Pakistan: better access to food and health care is a priority in Swat, Dir and Buner
09-07-2009 Operational Update
The ICRC has considerably increased its operations in response to the crisis in Pakistan’s North-West Frontier Province. It is working closely with the Pakistan Red Crescent Society and other partners within the International Red Cross and Red Crescent Movement to assist over 350,000 people affected adversely by hostilities.
The ICRC has considerably increased its operations in response to the crisis in P akistan’s North-West Frontier Province. It is working closely with the Pakistan Red Crescent Society and other partners within the International Red Cross and Red Crescent Movement to assist over 350,000 people affected adversely by hostilities.
" The needs of those affected by the fighting in the North-West Frontier Province, especially access to health services and food, remain considerable, " said Alexandre Faîte, the ICRC's deputy head of delegation in Pakistan. " We are consolidating our presence in Dir and Buner and, as families displaced by the fighting start to return to their homes, we will be helping them. "
The ICRC and the Pakistan Red Crescent continue to work with the International Federation of Red Cross and Red Crescent Societies to assist internally displaced persons (IDPs) within and outside camps in Malakand, Nowshera and Swabi districts. The camps are being prepared for the monsoon season.
In general the security situation is improving in southern Swat. Despite the curfews still in place in much of the district, thousands of families have been returning to their homes. However, many Swat residents, including recent returnees, still have difficulty getting access to food and health care. Last week, the ICRC provided the Mingora Saidu Teaching Hospital with food for both patients and staff.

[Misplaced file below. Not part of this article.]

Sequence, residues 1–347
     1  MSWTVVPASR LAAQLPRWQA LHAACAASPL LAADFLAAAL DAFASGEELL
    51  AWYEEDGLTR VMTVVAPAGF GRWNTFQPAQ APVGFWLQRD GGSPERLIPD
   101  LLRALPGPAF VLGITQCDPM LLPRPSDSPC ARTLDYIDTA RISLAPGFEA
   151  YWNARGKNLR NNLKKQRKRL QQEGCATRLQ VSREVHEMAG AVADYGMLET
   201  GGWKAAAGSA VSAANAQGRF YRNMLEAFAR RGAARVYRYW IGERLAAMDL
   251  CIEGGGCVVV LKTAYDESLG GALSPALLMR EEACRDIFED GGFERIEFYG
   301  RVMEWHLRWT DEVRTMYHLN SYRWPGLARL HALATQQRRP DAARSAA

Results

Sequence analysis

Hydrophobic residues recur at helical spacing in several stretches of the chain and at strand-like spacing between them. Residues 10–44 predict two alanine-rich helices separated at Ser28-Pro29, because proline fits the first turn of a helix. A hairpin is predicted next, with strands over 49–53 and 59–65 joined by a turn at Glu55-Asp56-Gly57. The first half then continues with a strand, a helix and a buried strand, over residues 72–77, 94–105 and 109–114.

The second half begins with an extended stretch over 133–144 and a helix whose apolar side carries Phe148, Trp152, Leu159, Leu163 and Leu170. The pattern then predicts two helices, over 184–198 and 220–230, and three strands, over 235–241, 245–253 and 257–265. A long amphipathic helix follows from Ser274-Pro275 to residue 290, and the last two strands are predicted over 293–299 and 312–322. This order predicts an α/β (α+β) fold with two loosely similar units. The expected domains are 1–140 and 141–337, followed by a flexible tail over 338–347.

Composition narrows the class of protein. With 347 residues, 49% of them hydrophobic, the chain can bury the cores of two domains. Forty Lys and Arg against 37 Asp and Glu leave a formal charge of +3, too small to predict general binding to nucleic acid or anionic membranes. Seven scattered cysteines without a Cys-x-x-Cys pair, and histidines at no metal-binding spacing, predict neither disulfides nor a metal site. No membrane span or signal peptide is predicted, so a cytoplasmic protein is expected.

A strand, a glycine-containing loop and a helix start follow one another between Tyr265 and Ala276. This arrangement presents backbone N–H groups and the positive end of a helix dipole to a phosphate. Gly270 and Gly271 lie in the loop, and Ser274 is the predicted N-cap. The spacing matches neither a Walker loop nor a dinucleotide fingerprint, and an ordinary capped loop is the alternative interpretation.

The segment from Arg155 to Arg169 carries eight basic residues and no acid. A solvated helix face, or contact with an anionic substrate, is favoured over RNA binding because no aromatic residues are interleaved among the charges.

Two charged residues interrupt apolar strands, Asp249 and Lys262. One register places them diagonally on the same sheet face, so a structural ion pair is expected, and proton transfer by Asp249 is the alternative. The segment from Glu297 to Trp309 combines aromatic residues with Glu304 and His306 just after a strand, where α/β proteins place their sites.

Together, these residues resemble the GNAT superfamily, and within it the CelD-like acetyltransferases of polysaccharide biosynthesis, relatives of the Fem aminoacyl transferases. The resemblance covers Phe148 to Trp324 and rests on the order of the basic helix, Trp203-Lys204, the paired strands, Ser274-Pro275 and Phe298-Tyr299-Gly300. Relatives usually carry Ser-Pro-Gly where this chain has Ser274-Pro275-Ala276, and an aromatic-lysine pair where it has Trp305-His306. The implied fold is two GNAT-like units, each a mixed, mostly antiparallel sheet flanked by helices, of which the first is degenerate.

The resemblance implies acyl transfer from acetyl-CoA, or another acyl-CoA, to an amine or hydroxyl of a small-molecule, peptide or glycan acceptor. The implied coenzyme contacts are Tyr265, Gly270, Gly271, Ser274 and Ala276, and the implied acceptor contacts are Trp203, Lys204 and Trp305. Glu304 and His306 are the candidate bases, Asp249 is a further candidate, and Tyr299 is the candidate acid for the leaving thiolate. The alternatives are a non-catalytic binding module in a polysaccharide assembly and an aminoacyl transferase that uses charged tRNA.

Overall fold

Lower Dir/Upper Dir
The ICRC continues to operate in Lower Dir despite a volatile security situation. In recent days, it has distributed food and soap to over 10,000 displaced people staying with host families in Koto, Khal and Rabt Rhani. In Upper Dir, the organization has distributed food and other items to over 19,300 displaced people in Barwayl and Wary over the past week.
Thousands of displaced people are now returning to their homes or host families in the district by private buses, trucks or taxis. The security situation in eastern Buner remains difficult, with sporadic clashes. Last week, the ICRC provided over 2,000 people in Sultan Was with food and other items.
Ongoing hostilities have caused major population movements, but most of those who have been displaced have chosen to stay with host families in Waziristan and other parts of Pakistan. There are no camps for displaced people in Waziristan, and reaching IDPs who have entered the region is likely to remain a challenge. The ICRC has given health-care facilities in and near Waziristan kits for stabilizing and treating the wounded. The ICRC and the Pakistan Red Crescent are assessing the coping mechanisms of resident families so as to be ready to assist them rapidly if needed.